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Antiguo 21-jul-2005, 13:55
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The Neoconservative Convergence

Some once famously dissenting ideas now govern U.S. foreign policy,
maturing as they go.

WSJ Thursday, July 21, 2005 12:01 a.m. EDT

The post-Cold War era has seen a remarkable ideological experiment: Over
the past 15 years, each of the three major American schools of foreign
policy--realism, liberal internationalism and neoconservatism--has taken
its turn at running things. (A fourth school, isolationism, has a long
pedigree, but has yet to recover from Pearl Harbor and probably never
will; it remains a minor source of dissidence with no chance of becoming
a governing ideology.) There is much to be learned from this unusual and
unplanned experiment.

The era began with the senior George Bush and a classically realist
approach. This was Kissingerism without Kissinger--although Brent
Scowcroft, James Baker and Lawrence Eagleburger filled in admirably. The
very phrase the administration coined to describe its vision--the New
World Order--captured the core idea: an orderly world with orderly rulers
living in stable equilibrium.

The elder Mr. Bush had two enormous achievements to his credit: the
peaceful reunification of Germany, still historically undervalued, and
the expulsion of Saddam Hussein from Kuwait, which maintained the status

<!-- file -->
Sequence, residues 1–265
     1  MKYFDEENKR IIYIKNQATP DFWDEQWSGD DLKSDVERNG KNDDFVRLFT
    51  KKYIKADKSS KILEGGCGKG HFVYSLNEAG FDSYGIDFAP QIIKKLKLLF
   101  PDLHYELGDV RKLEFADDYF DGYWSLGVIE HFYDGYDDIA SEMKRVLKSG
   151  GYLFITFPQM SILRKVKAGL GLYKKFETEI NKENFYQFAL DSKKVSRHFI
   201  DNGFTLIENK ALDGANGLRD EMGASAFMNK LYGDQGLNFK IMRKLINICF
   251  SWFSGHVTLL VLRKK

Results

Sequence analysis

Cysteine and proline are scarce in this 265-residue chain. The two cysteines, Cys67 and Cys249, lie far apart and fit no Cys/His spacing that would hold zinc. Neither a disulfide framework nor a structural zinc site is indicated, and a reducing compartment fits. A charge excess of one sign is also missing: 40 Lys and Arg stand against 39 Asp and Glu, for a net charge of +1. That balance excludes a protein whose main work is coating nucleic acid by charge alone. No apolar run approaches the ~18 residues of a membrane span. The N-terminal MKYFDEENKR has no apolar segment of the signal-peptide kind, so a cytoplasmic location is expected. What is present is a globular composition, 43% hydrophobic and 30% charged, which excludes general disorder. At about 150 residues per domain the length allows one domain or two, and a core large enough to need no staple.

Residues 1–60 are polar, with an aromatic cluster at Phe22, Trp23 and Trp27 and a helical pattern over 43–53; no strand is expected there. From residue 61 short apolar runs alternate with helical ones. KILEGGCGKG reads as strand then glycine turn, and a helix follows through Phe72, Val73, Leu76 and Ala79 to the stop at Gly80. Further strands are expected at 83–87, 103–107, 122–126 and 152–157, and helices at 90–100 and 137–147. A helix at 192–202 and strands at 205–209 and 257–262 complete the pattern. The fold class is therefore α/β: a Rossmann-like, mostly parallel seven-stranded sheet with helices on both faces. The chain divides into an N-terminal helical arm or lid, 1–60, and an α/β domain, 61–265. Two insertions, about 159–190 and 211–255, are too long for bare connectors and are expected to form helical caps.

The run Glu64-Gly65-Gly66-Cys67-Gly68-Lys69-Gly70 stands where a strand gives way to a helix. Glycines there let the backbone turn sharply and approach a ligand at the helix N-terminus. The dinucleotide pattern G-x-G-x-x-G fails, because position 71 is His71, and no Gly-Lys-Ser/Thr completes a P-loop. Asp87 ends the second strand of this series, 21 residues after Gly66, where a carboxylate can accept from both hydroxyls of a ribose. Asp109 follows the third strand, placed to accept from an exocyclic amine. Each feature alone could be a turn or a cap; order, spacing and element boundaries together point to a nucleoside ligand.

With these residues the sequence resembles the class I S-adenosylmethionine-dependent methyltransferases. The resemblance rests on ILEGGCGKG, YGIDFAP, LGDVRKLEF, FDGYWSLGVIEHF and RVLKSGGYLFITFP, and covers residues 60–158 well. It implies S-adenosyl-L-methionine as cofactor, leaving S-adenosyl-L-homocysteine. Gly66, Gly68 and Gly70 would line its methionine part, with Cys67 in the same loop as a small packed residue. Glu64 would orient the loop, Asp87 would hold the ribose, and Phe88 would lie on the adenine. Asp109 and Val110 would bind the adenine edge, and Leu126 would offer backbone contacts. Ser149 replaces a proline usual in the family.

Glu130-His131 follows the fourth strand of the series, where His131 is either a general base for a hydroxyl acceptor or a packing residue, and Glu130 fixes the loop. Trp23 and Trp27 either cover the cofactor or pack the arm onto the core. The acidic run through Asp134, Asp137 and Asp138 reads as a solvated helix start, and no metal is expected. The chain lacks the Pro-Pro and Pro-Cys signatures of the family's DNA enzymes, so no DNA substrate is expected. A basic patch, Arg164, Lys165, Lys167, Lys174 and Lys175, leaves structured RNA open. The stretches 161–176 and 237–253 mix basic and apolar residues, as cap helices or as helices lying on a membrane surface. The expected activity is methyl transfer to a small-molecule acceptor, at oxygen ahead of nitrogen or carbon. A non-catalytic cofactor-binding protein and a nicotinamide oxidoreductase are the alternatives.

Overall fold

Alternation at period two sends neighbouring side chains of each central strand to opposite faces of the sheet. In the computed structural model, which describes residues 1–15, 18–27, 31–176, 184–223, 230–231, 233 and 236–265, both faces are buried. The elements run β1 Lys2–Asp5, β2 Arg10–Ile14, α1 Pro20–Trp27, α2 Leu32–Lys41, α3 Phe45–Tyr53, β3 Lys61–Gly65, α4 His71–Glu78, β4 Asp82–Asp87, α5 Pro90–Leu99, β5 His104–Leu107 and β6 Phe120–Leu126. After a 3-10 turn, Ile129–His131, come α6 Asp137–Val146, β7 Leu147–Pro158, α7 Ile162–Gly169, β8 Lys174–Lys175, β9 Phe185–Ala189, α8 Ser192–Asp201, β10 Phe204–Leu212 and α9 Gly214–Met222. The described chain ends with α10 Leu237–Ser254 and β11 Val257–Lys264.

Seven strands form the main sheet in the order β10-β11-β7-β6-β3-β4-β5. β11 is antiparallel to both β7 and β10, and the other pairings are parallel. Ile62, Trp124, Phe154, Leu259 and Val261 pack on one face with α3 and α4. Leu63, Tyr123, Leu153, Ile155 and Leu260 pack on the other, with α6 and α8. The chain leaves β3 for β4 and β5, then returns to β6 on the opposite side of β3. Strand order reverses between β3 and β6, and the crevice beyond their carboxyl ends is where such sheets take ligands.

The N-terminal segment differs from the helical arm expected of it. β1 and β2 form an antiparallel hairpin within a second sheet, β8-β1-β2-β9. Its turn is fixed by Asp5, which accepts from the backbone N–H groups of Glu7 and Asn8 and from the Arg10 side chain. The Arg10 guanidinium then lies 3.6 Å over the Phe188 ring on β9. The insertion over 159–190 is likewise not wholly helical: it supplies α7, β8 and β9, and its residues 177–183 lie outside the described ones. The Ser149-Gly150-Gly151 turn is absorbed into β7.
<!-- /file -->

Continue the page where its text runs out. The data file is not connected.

quo in the Persian Gulf. Nonetheless, his administration suffered from
the classic shortcoming of realism: a failure of imagination. Mr. Bush
brilliantly managed the reconstitution of Germany and the restoration of
the independence of the East European states, but he could not see far
enough to the liberation of the Soviet peoples themselves. His notorious
"chicken Kiev" speech of 1991, warning Ukrainians against "suicidal
nationalism," seemed to prefer Soviet stability to the risk of 15 free
and independent states.

But we must not be retrospectively too severe. Democracy in Ukraine was
hard to envision even a few years ago, let alone in the early 1990s, and
Mr. Bush's hesitancy did not stop the march of liberation in the Soviet
sphere. It was the failure of imagination in Mr. Bush's other area of
triumph--Iraq--that had truly stark, even tragic, consequences.

Leaving Saddam in place, and declining to support the Kurdish and Shiite
uprisings that followed the first Gulf War, begat more than a decade of
Iraqi suffering, rancor among our war allies, diplomatic isolation for
the U.S., and a crumbling regime of U.N. sanctions. All this led
ultimately and inevitably to a second war that could have been fought far
more easily--and with the enthusiastic support of Iraq's Shiites, who to
this day remain suspicious of our intentions--in 1991. One recalls with
dismay that the first two of Osama bin Laden's announced justifications
for his declaration of war on America were the garrisoning of the holy
places (i.e., Saudi Arabia) by crusader (i.e., American) soldiers and the
suffering of Iraqis under sanctions. Both were a direct result of the
inconclusive end to the first Gulf War.

Still, the achievements of the elder Mr. Bush far outweigh the failures.
The smooth and peaceful dissolution of the Soviet empire began, Saddam
was stopped, and Arabia was saved. But then came the second, radically
different experiment. For the balance of the 1990s, for reasons having
nothing to do with foreign policy, realism was abruptly replaced by the
classic liberal internationalism of the Clinton administration.

It is hard to be charitable in assessing the record. Liberal
internationalism's one major achievement in those years--saving the
Muslims in the Balkans and creating conditions for their possible
peaceful integration into Europe--was achieved, ironically, in defiance
of its own major principle. It lacked what liberal internationalists